How to handle your dog
Teach your dog to feel confident being handled and help them cope well throughout their life.
We might not think much about handling our dogs to restrain, groom or medicate them, but they may find it scary, confusing or exciting.
You can help your dog by introducing them to handling in a gradual and positive way. Teaching your dog to feel relaxed and confident with all different types of handling will give them the best chance of coping well throughout their life.
Comfort and safety
When introducing handling, it’s important to recognise the signs that your dog may be feeling uncomfortable and to respond appropriately. Take a look at our guide to understanding your dog’s body language.
If a dog is relaxed and confident being handled, they will choose to remain with you while you hold and look at different parts of their body. There should be no tension within their face or body, and they should be happy to cooperate with you.
If you notice any signs that your dog is becoming uncomfortable about how you are handling them, then stop.
My dog’s not happy being handled, what should I do?
If your dog has an established fear of handling or shows signs of aggression, speak to your vet. If they are in pain, they are more likely to show fear and respond aggressively to be handled. So it’s important to check if they have a health issue. If they’re well but still not happy to be handled, your vet will be able to refer you to an accredited behaviourist for individual support.
Need help with your dog? Find out the difference between a trainer and behaviourist so you know who to approach.
Tips for happy handling
Gently stroke your dog
Start by gently stroking your dog on a part of their body where they’re used to being touched and where you know they enjoy it – this will be different for every dog.
Touch other parts of their body
Then you can move on to briefly touching other parts of their body. You could introduce a verbal cue such as “let me see” before you handle your dog, so they can learn what to expect.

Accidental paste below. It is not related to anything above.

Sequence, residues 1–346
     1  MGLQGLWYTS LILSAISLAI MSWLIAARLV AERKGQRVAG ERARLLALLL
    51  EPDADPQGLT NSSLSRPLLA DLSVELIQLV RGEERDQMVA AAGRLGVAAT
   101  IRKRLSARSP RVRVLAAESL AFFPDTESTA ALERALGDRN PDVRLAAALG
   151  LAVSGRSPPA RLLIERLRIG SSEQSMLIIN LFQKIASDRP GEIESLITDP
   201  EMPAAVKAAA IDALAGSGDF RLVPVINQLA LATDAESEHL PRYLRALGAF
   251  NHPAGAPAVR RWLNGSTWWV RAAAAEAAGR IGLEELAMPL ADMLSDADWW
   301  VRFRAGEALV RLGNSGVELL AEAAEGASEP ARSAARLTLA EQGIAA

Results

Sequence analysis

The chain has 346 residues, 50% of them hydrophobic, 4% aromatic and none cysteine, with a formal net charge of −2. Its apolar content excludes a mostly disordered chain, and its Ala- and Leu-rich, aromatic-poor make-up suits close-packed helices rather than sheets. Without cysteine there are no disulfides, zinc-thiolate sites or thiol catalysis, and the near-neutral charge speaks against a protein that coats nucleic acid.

Give your dog a tasty treat just after you have touched a part of their body. Touch their side, remove your hand, give them a treat, and then repeat.
But remember that some areas are more sensitive than others. Your dog will soon learn that being touched means …
Keep your handling gentle and relaxed. Handle each part of your dog’s body by moving it as naturally as possible, and go at their pace.
Always examine your dog’s body in the same order. They will know exactly what to expect which will give them confidence.
Introduce new locations. When you’re able to handle different parts of your dog’s body, you can start to practise in different locations. Start by varying the places your practice inside your home, then progress to different quiet locations outside. It’s important that your dog feels confident being handled outside the comfort of their own home. When you do this, you will need to go back to the beginning to start building their confidence again.
Introduce new people. It’s useful for other people to be able to handle your dog too, and build up to this in the same gradual way. Go back to the beginning and start with a gentle fuss in a place your dog enjoys being touched, and always reward them with treats. Give the person clear instructions on how to touch your dog, exactly where and for how long.
Veterinary handling at home
Teaching your dog that being examined is okay and will help them to have happier vet visits. The more preparation you can do in advance, the better.
To help your dog feel more comfortable at the vet clinic with certain examinations, take a look our useful advice and guidance below.
How to keep your dog still at the vets
How to give your dog tablets
How do I treat my dog for fleas?
How to give your dog ear or eye drops
You might want to introduce grooming equipment to your dog. This is a good idea if they have long hair or a curly coat. Make sure you are using equipment that is best suited to your dog’s coat type. Starting with a very gentle, soft brush can be useful.
Start by placing the brush onto your dog’s body for a moment, then removing it and giving them a treat. Continue with the step-by-step process as slowly as you did when introducing your handling. If your dog shows any signs of worry, then stop and give them a break. Go back to a stage at which they were relaxed and progress more slowly.